I’m not sure if this is a feature of the phone or the OS. Either way, Apple’s attempt at “high contrast” or “white on black” is a complete joke. I find it dubious that it makes much easier to read. It’s a silly trick from Graphics 101, trumped up like a feature.
If you turn on “white on black,” they do a really stupid inversion of the palette. Sure, white becomes black, but purple becomes green, orange becomes blue, and all the other colors change, too.
In the settings page, you get white text on black background. In mail you get white text on a black background. OmniFocus looked pretty good. I played with it for a little while and thought “maybe I could get used to this.” But then I discovered a few colossal screw-ups.
For example, I normally use one of their very dark backgrounds for my wallpaper. The phone is already smart enough to use white text in front of this background. When I activate “white on black,” I get an inversion. The background becomes light and the text dark! That is, I have “black on white” when I asked for “white on black”!
And the screen inversion is complete. It is everywhere. Activate the camera and you see an inverted picture! Who on earth wants that!? And with the high-contrast turned on, you don’t get what you see on the screen (thank goodness, in that sense). You get a normal picture captured by the phone. But I tried to capture a picture of my home screen, to attach to this blog post, and it actually captured the correct colors, not the inverted ones, when I did a screen capture. That surprised me.
I think the main reasons I am so bothered by this are:
- This does not change the contrast. According to the dictionary distributed with MacOS X, contrast is “the degree of difference between tones in a television picture, photograph, or other image”. If you invert the picture, you haven’t changed the degree of difference in the tones. Blue is no farther from orange than orange is from blue. If the screen or an application had poor contrast before, it still has poor contrast after inverting it. If they increased the tonal difference, that would be something else, but this is just a gimmick. Notice that you never see Apple display an example of their high contrast feature, except the settings screen itself. There’s a good reason.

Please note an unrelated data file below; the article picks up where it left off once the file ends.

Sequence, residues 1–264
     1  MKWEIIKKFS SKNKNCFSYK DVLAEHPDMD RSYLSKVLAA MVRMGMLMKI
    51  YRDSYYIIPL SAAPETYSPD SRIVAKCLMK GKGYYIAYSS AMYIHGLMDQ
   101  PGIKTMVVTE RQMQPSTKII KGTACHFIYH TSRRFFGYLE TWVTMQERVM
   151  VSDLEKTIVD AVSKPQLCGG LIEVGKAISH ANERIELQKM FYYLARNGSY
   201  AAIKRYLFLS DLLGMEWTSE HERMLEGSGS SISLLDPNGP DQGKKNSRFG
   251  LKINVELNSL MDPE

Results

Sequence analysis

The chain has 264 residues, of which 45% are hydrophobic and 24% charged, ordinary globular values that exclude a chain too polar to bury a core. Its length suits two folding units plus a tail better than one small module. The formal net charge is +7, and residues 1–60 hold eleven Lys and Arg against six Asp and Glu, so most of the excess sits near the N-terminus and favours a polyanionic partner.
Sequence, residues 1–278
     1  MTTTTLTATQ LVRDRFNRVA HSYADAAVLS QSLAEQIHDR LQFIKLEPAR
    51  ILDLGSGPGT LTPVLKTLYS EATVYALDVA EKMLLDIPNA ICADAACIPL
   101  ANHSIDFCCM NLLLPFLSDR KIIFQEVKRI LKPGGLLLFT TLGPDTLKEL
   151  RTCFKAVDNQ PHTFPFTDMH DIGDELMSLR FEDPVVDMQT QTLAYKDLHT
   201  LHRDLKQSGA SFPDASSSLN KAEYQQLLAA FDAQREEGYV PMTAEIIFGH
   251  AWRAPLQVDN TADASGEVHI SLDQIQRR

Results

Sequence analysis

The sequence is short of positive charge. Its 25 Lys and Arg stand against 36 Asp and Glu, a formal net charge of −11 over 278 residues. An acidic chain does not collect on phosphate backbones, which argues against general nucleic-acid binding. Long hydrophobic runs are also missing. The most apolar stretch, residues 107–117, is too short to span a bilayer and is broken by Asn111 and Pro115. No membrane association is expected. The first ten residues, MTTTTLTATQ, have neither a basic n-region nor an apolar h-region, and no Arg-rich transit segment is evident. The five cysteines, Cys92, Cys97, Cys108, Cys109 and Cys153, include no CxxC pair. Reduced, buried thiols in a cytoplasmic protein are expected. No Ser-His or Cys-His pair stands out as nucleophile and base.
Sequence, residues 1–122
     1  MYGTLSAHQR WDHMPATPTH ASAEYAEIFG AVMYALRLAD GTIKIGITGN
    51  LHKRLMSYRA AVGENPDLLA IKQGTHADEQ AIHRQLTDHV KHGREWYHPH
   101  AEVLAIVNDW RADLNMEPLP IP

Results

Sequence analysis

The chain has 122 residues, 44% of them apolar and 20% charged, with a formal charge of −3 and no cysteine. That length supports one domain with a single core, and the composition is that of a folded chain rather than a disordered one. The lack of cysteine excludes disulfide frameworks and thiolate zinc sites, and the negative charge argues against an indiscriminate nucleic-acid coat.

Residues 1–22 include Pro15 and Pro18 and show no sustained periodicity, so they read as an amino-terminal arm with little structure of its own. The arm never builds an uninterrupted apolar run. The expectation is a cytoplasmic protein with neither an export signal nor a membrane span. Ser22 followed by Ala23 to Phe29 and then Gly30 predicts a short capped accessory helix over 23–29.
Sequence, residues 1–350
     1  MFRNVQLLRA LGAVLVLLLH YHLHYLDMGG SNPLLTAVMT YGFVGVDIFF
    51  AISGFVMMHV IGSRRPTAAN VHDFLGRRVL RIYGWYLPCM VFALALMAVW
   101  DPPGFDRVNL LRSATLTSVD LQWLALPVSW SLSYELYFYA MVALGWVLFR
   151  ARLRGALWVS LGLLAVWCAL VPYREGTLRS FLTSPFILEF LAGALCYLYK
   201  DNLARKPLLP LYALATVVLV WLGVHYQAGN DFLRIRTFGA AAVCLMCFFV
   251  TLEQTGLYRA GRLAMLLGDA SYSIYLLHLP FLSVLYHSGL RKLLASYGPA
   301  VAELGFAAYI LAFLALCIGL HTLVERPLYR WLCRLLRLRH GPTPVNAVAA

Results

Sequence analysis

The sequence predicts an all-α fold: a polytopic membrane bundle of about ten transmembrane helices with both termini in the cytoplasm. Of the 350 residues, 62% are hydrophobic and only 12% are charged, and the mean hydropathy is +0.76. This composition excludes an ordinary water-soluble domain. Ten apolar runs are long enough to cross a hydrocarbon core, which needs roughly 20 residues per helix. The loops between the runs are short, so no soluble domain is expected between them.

It is phenomenally idiotic to apply this inversion across every single app. I have no easy way to turn it on and off selectively. It’s not like “push notifications” where I can say “this app: yes, that app: no.” It’s either on 100% all the time, or not on at all. I don’t want to play games with inverted color, use FaceTime with inverted color, edit movies with inverted color, or half the stuff that the phone is capable of.
They called this “accessibility,” but I don’t see how it actually makes anything more accessible. Sure, white text on a black background is often easier to read, but they don’t ensure that you get white on black. As I showed, my text actually was white on black before I activated this feature, and then it became black on white.
With so many really well-done features, did Apple really need this stupid gimmick? Of all the phones in the world that support accessibility, the iPhone has some impressive claims (support for braille displays, reading out text, zoom, etc.). Did they need this to make their accessibility seem real?
I’m always looking for ways to get white on black, because it is easier on the eyes and easier to read. This was just a frustrating joke. I hope, in the future, it becomes an option that programmers can latch onto the way they do with push notifications. That is, they can signal to the OS “I’m an app capable of high contrast” or that they can ask the OS “has the user selected high contrast?” and then choose an appropriate palette.
(Edited in 2018. Apparently all my screenshots were missing. They appear to be lost to history. They’re not even available at (The Wayback Machine)[https://web.archive.org/].)